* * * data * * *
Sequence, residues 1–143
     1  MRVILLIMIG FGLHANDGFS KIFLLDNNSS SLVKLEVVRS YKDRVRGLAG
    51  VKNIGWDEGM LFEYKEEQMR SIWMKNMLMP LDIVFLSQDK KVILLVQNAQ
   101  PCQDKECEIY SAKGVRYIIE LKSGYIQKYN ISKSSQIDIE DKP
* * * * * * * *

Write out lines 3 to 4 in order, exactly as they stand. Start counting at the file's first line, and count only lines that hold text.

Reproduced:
    51  VKNIGWDEGM LFEYKEEQMR SIWMKNMLMP LDIVFLSQDK KVILLVQNAQ
   101  PCQDKECEIY SAKGVRYIIE LKSGYIQKYN ISKSSQIDIE DKP